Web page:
A richly textured past intimately evoked.

ROSEMARY AND BITTER ORANGES

GROWING UP IN A TUSCAN KITCHEN

From an Italian journalist who lives part of the year in New York, a beguiling memoir of growing up in a Tuscan city, learning to cook local and family favorites.

Chen’s memories are soft-edged and nostalgic as chapters such as “Garden Lessons” and “In Emilia’s Kitchen” recapture the way it was in Livorno on the Tuscan coast during the postwar years. Born in 1948, she missed the hardships of the war years, during which the family’s elegant home was taken over by a destructive German regiment and food was in short supply, but her relatives still practiced the economies learned then. Drawers were filled with wrapping paper, bits of ribbon, and pencil stubs that might be useful one day; one excessively thrifty aunt kept a jar labeled “STRINGS. Too short to be useful.” Chen and her brother were constantly reminded how fortunate they were to have food, which they were forbidden to waste. (Here the author inserts a recipe for economical and filling minestrone; other chapters also include relevant recipes.) Emilia, the family cook, taught her how to cook and shop daily at the local markets. Chen describes their house with its marble terrace and vegetable garden, the nearby convent school she attended (the competitive girl strove to be the most virtuous), and visits to her paternal grandparents’ seaside home in Sicily, where freshly caught swordfish was a staple at meals and the bedroom had a wonderful frescoed ceiling. She also vividly evokes period housekeeping details: the laundress washed their sheets in spring water and dried them on the grass; the pantry contained only dry goods, as perishables were bought daily in limited quantities; the family didn’t acquire electrical appliances until the ’60s. Chen entered adolescence during that decade, and she notes the growing American influence on music, television, and fashion that irrevocably changed the way Italians lived. She closes with a bittersweet account of visiting present-day Livorno.

A richly textured past intimately evoked.

Pub Date: March 1, 2003

ISBN: 0-7432-2223-7

Page Count: 240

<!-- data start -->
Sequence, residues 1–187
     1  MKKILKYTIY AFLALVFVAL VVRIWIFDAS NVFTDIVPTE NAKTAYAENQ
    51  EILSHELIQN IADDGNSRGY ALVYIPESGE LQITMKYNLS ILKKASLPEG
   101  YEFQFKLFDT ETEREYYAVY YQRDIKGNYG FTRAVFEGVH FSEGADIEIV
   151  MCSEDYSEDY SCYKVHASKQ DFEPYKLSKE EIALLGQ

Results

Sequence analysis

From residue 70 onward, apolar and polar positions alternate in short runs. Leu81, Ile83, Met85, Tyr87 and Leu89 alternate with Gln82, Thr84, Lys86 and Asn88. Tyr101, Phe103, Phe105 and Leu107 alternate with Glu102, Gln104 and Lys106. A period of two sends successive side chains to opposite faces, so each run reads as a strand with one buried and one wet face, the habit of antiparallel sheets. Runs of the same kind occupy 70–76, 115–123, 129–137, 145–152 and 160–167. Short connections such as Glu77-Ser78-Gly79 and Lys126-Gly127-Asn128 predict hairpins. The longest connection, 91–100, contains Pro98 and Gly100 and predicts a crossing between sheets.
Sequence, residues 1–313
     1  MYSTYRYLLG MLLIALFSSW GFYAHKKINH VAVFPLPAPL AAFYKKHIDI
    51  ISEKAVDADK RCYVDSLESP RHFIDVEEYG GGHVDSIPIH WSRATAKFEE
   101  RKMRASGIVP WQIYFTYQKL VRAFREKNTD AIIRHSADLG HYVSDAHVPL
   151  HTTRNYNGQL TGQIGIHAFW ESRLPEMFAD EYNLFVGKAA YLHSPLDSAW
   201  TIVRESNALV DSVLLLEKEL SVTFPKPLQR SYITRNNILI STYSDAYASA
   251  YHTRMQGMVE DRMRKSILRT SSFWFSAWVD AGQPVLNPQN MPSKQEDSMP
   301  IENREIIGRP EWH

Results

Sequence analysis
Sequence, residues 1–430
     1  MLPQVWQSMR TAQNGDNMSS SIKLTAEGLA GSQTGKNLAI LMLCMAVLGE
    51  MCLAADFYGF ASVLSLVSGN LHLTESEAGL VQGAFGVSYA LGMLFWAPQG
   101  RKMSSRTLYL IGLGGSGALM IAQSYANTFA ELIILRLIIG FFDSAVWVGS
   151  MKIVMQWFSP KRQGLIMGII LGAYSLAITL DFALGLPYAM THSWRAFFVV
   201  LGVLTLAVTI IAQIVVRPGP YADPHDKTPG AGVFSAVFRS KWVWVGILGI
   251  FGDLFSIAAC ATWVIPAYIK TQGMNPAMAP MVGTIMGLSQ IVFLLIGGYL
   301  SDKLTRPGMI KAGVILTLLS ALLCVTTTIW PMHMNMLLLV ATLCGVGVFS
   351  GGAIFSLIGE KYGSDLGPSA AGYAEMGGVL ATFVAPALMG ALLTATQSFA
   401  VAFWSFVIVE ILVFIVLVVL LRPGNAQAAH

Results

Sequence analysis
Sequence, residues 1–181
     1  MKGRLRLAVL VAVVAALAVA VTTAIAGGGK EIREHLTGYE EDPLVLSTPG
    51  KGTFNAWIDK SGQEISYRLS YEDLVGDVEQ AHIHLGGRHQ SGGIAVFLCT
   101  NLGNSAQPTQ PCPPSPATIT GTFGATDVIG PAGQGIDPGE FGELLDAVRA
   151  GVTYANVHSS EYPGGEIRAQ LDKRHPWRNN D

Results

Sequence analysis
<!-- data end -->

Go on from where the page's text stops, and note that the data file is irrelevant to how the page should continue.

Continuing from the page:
Publisher: Scribner

Review Posted Online: May 20, 2010

Kirkus Reviews Issue: Dec. 1, 2002

Did you like this book?

No Comments Yet

Stricter than, say, Bergen Evans or W3 ("disinterested" means impartial — period), Strunk is in the last analysis...

THE ELEMENTS OF STYLE

50TH ANNIVERSARY EDITION

Privately published by Strunk of Cornell in 1918 and revised by his student E. B. White in 1959, that "little book" is back again with more White updatings.

Stricter than, say, Bergen Evans or W3 ("disinterested" means impartial — period), Strunk is in the last analysis (whoops — "A bankrupt expression") a unique guide (which means "without like or equal").

Pub Date: May 15, 1972

ISBN: 0205632645

Page Count: 105

Publisher: Macmillan

Review Posted Online: Oct. 28, 2011

Kirkus Reviews Issue: May 1, 1972

Did you like this book?

DEAR MR. HENSHAW

Possibly inspired by the letters Cleary has received as a children's author, this begins with second-grader Leigh Botts' misspelled fan letter to Mr. Henshaw, whose fictitious book itself derives from the old take-off title Forty Ways W. Amuse a Dog. Soon Leigh is in sixth grade and bombarding his still-favorite author with a list of questions to be answered and returned by "next Friday," the day his author report is due. Leigh is disgruntled when Mr. Henshaw's answer comes late, and accompanied by a set of questions for Leigh to answer. He threatens not to, but as "Mom keeps nagging me about your dumb old questions" he finally gets the job done—and through his answers Mr. Henshaw and readers learn that Leigh considers himself "the mediumest boy in school," that his parents have split up, and that he dreams of his truck-driver dad driving him to school "hauling a forty-foot reefer, which would make his outfit add up to eighteen wheels altogether. . . . I guess I wouldn't seem so medium then." Soon Mr. Henshaw recommends keeping a diary (at least partly to get Leigh off his own back) and so the real letters to Mr. Henshaw taper off, with "pretend," unmailed letters (the diary) taking over. . . until Leigh can write "I don't have to pretend to write to Mr. Henshaw anymore. I have learned to say what I think on a piece of paper." Meanwhile Mr. Henshaw offers writing tips, and Leigh, struggling with a story for a school contest, concludes "I think you're right. Maybe I am not ready to write a story." Instead he writes a "true story" about a truck haul with his father in Leigh's real past, and this wins praise from "a real live author" Leigh meets through the school program. Mr. Henshaw has also advised that "a character in a story should solve a problem or change in some way," a standard juvenile-fiction dictum which Cleary herself applies modestly by having Leigh solve his disappearing lunch problem with a burglar-alarmed lunch box—and, more seriously, come to recognize and accept that his father can't be counted on. All of this, in Leigh's simple words, is capably and unobtrusively structured as well as valid and realistic. From the writing tips to the divorced-kid blues, however, it tends to substitute prevailing wisdom for the little jolts of recognition that made the Ramona books so rewarding.

Pub Date: Aug. 22, 1983

ISBN: 143511096X

Page Count: 133

Publisher: Morrow/HarperCollins

Review Posted Online: Oct. 16, 2011

Kirkus Reviews Issue: Aug. 1, 1983

Did you like this book?

more